Review: Sony Xperia Sola

When one thinks about budget phones, one usually conjures up thoughts of a mobile device with very limited functionality and shoddy construction. Budget phones tend to have inferior screens compared to those found on high-end models and it is more than likely that they do not have all the technology bells-and-whistles that usually accompany first-rate mobile devices.

Sony proved that it is indeed possible to launch a budget phone that has all the functionality (image: Sony)

Well, with the release of the Xperia Sola, Sony proved that it is indeed possible to launch a budget phone that has all the functionality and design qualities of high-end models, and by using the phone users will be hard-pressed to decide if it is a budget phone or not.

Starting off with the design, the Xperia Sola is sturdily built with a simple design – it is a perfectly flat rectangle, with a thinner part at the bottom that bears the Xperia text. The thickness (or thinness, which ever you prefer) is uniform throughout the phone’s design, except for the thinner part mentioned at the bottom.

It is a simple design with no intricate curves, no fancy indentations and no fashionable design elements, but it works. It makes the phone look sleek and attractive, and the size and shape makes it fit perfectly in the user’s hand. For technical boffins, the Sola is 116 x 59 x 9.9 mm and weighs only 109g.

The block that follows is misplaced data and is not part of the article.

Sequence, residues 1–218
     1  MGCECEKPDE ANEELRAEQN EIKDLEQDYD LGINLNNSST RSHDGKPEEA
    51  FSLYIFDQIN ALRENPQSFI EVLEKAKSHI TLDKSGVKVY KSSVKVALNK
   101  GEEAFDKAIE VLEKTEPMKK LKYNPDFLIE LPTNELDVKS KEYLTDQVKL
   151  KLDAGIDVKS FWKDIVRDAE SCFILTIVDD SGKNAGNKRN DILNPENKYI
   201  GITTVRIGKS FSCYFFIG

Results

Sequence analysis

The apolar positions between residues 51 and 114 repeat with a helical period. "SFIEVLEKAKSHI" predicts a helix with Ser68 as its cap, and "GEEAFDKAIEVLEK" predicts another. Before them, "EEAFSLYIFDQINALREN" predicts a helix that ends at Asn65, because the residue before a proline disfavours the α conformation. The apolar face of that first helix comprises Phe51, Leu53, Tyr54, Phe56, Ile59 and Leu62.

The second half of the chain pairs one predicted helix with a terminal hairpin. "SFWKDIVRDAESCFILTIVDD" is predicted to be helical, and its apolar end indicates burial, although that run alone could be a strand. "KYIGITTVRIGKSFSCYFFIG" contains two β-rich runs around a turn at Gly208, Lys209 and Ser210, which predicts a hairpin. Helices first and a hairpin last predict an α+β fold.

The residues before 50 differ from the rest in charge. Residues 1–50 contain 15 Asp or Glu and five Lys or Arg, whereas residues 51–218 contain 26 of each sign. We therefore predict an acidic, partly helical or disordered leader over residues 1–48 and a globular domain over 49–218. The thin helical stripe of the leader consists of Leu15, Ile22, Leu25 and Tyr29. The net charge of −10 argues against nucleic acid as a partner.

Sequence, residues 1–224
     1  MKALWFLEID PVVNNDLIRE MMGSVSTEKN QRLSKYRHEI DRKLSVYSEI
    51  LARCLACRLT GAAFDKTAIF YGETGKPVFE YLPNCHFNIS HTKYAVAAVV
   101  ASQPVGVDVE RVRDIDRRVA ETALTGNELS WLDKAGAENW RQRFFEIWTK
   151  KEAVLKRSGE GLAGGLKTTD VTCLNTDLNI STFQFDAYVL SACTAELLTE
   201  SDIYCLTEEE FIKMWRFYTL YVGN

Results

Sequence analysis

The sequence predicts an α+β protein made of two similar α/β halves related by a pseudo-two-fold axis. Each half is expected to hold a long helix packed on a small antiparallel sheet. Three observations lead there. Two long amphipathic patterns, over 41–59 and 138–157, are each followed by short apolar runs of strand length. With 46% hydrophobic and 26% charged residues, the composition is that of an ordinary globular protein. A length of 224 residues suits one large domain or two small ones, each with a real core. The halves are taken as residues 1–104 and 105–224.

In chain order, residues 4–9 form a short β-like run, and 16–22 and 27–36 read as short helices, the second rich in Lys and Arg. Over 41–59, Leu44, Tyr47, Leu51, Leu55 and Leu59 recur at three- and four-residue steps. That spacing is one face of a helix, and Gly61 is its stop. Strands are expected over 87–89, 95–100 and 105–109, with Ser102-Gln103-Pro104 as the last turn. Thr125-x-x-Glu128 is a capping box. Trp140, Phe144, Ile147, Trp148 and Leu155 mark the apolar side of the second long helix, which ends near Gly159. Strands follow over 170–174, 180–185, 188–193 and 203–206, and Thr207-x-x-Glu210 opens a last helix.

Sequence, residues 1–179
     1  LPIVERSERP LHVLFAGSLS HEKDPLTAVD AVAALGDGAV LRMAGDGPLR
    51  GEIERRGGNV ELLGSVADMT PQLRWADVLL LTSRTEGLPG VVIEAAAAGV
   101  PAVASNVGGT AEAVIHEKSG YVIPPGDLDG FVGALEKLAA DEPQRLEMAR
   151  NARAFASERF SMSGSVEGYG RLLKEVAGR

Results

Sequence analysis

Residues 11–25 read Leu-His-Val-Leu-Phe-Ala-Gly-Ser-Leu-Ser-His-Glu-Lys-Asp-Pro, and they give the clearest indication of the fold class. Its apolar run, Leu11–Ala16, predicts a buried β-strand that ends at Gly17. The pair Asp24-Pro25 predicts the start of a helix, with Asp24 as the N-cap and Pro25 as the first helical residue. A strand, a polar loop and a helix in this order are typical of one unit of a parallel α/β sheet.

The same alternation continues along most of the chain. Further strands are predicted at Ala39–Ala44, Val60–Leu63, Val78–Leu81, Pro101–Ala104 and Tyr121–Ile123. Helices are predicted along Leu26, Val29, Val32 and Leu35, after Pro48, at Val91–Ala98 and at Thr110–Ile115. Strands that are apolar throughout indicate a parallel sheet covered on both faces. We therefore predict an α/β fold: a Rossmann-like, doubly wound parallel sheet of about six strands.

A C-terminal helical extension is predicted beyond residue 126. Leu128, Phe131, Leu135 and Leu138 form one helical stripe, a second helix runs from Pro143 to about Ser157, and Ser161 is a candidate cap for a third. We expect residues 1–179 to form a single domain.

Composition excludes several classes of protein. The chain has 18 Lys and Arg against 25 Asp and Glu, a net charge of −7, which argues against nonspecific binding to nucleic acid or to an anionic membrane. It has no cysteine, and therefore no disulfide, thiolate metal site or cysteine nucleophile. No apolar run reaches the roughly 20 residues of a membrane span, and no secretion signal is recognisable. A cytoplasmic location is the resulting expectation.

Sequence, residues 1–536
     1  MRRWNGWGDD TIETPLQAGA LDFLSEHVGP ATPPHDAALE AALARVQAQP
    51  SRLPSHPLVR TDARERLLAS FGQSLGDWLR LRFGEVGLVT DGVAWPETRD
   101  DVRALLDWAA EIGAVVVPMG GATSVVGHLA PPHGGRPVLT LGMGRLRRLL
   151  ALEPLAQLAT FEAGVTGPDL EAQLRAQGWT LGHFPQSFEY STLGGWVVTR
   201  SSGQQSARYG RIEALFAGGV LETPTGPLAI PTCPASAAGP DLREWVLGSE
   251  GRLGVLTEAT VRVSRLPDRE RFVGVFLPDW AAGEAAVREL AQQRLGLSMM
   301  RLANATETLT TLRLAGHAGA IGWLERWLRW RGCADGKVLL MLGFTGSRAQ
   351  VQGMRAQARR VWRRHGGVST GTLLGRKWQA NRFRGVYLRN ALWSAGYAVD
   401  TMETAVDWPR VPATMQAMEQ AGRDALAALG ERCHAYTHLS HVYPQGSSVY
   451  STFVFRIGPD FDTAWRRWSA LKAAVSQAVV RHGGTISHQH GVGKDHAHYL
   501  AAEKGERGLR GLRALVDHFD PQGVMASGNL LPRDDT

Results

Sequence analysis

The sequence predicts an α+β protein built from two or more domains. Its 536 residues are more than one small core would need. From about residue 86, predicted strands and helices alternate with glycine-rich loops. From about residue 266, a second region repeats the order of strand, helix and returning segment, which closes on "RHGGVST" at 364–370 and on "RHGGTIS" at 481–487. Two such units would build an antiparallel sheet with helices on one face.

In terms of the screen, the device sports an LED-backlit LCD display, features capacitive four-finger multi-touch and makes use of 16-million colours. The 3.7-inch display has a resolution of 480 x 854 pixels, which might seem a little bit small for most users, but it works surprisingly well.

The only drawback to having a screen that size, is that it can be a bit difficult to navigate through small buttons and intricate menus. It is not a huge hindrance, however, as the screen is as responsive as one would expect it to be.

Under the hood, the model has a Dual-core 1 GHz Cortex-A9, which is the same computing power as the recently announced Samsung Galaxy SIII Mini. It makes use of a Mali-400 GPU, and has 8 GB internal memory while that can be upgraded to 32 GB by means of a microSD card. Out of the box it runs on Android 2.3 (Gingerbread), but is manually upgradable to later versions.

Sony has implemented a bit of a laborious process for updating the operating system, where users will have to connect it to a PC and install the Sony PC Companion software. It is a tedious process, but well worth the effort. Other phone manufacturers such as HTC allows for updating over a Wi-Fi connection – which makes things a lot easier.

Speaking of connectivity, the phone uses Wi-Fi 802.11 b/g/n, DLNA, and can be tuned into a Wi-Fi hotspot. In terms of data, it can connect to HSDPA at 14.4 Mbps and HSUPA at 5.76 Mbps, while also capable of GPRS and EDGE. Bluetooth is also facilitated, as well as built-in Near-Field Communications (NFC), a featrure many budget phones do not have. 

As mentioned before, the Sony Xperia Sola is a great little device and one will not be able to tell that it is a budget unit. In South Africa the phone is available on MTN as part of a contract deal for only R169 per month, which makes it ideal for students and cash-strapped individuals.

It is a great phone with a sleek design, works perfectly well (as any Sony does) and has all the functionality of a modern mobile device.

Charlie Fripp – Consumer Tech editor